Dartmouth Middle School teacher publishes debut novel
Brian Amado has been a special education teacher at Dartmouth Middle School for the past 11 years. He is now a published author, after releasing a young adult novel.
Titled Coin Toss, it’s the debut novel in Amado’s First and Ten Series: Featuring Jeremy Savage. The book tells the story of Savage, a star eighth grade quarterback who has been offered a scholarship to play football at a prestigious private high school.
However, Savage’s friendships at his local high school are strong, and he is unsure about leaving them behind. The novel takes place as he makes his decision during the summer after eighth grade.
Amado said the novel is centered around a strong group of friends, an element of the story inspired by his own life. In fact, he is still close with many of his friends from high school.
“The biggest part is definitely the friends,” he said. “That’s really what I wanted the core of the story to be. He’s got a close knit group of friends, and they go through a slew of different things together, just like I did in high school, just like a lot of kids do when they’re in eighth grade or high school.”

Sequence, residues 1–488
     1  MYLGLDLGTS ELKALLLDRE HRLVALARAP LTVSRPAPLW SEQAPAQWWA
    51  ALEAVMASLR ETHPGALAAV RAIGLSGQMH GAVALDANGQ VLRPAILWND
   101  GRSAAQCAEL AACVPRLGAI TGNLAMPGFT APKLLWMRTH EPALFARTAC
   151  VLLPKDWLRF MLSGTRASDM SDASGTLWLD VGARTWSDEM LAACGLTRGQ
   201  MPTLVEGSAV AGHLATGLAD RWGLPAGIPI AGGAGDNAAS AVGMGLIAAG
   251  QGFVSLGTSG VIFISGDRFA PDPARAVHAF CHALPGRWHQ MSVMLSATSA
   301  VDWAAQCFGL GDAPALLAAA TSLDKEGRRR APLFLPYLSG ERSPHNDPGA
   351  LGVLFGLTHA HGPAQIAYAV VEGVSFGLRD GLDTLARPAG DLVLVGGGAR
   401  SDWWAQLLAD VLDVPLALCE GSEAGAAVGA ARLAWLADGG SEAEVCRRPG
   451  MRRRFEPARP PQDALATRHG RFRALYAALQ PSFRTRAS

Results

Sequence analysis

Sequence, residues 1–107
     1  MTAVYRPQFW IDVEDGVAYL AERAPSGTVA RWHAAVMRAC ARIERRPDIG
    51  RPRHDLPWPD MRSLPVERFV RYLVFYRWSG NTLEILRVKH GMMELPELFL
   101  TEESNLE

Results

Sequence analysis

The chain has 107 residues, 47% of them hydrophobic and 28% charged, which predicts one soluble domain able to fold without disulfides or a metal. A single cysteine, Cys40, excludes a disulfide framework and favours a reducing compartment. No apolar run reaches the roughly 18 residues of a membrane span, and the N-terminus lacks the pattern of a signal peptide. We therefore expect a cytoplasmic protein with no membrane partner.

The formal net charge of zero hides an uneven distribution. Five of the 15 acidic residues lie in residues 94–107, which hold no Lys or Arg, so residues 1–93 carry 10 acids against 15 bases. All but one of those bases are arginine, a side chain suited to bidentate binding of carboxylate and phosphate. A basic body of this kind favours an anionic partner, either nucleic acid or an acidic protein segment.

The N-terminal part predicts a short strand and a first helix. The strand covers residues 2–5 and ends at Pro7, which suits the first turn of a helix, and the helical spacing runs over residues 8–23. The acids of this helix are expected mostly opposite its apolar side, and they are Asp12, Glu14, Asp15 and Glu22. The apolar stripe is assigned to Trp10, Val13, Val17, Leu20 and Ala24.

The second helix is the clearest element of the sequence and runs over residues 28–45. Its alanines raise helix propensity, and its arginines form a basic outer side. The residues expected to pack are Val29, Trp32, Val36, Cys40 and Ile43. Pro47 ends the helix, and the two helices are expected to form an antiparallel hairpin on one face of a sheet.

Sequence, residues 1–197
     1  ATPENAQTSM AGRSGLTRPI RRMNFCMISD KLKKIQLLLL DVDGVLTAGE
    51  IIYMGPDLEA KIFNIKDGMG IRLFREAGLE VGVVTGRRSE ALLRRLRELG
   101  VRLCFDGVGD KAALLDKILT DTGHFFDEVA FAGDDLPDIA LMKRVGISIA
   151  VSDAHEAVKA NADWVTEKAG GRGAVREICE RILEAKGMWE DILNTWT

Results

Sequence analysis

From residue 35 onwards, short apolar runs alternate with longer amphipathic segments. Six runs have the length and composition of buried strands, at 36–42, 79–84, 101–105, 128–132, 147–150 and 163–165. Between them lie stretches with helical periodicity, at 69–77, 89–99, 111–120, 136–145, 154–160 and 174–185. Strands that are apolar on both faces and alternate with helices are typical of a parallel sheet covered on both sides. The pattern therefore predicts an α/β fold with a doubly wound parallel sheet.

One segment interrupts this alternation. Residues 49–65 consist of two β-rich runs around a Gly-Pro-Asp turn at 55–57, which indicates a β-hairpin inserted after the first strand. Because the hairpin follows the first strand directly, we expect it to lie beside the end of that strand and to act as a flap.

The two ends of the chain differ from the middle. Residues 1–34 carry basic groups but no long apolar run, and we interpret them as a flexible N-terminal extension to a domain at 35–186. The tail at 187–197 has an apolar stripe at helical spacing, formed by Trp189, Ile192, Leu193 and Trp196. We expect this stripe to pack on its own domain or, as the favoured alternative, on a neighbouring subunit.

For Amado, writing also dates back to his childhood. His mother recently found a story he wrote in fourth or fifth grade.
“I’ve always liked to write,” Amado said. “I’ve always liked to read. It’s always been something I’ve kind of messed around with.” He’s been writing for a good portion of his adult life as well, but this is the first book he’s completed.
Coin Toss isn’t strictly a sports novel, but football definitely has a strong presence. Amado noted a lot of the kids at Dartmouth Middle School are athletes — both the boys and the girls.
“Truth be told, in eighth grade, a lot of the girls are better athletes than the boys,” he said.
A priority for Amado is it will be one book kids and their parents can be proud to read.
“It’s also someone for an average kid to look up to. This kid’s a really good athlete, and he’s also just a good person. And at the same time, it’s okay to have someone you look up to be those things,” Amado said of the main character.
He said he frequently observes students in his classroom laughing off poor grades, but knows those outer reactions may not match how they actually feel.
“That’s really what I want people to get out of it,” he said. “That there are wholesome people that you can look up to that are just good, average everyday people- that also happen to be really good at something.”
The book was published earlier this month, and is available as a paperback or ebook on Amazon.